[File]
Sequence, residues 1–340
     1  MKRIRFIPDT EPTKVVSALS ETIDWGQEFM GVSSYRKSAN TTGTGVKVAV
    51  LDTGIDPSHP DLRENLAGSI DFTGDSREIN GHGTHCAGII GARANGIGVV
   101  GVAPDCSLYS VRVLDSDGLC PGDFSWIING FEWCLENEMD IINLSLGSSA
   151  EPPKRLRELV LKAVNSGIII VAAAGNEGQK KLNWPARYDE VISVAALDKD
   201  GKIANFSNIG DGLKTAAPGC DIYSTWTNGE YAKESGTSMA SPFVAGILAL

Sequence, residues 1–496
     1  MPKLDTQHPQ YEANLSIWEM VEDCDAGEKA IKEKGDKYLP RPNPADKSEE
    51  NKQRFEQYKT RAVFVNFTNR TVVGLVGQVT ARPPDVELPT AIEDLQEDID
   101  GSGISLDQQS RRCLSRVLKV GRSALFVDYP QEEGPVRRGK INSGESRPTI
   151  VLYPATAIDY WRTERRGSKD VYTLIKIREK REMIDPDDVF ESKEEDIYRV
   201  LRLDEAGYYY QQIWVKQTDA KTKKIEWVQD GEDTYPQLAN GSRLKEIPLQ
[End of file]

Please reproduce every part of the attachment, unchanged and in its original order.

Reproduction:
Sequence, residues 1–340
     1  MKRIRFIPDT EPTKVVSALS ETIDWGQEFM GVSSYRKSAN TTGTGVKVAV
    51  LDTGIDPSHP DLRENLAGSI DFTGDSREIN GHGTHCAGII GARANGIGVV
   101  GVAPDCSLYS VRVLDSDGLC PGDFSWIING FEWCLENEMD IINLSLGSSA
   151  EPPKRLRELV LKAVNSGIII VAAAGNEGQK KLNWPARYDE VISVAALDKD
   201  GKIANFSNIG DGLKTAAPGC DIYSTWTNGE YAKESGTSMA SPFVAGILAL

Sequence, residues 1–496
     1  MPKLDTQHPQ YEANLSIWEM VEDCDAGEKA IKEKGDKYLP RPNPADKSEE
    51  NKQRFEQYKT RAVFVNFTNR TVVGLVGQVT ARPPDVELPT AIEDLQEDID
   101  GSGISLDQQS RRCLSRVLKV GRSALFVDYP QEEGPVRRGK INSGESRPTI
   151  VLYPATAIDY WRTERRGSKD VYTLIKIREK REMIDPDDVF ESKEEDIYRV
   201  LRLDEAGYYY QQIWVKQTDA KTKKIEWVQD GEDTYPQLAN GSRLKEIPLQ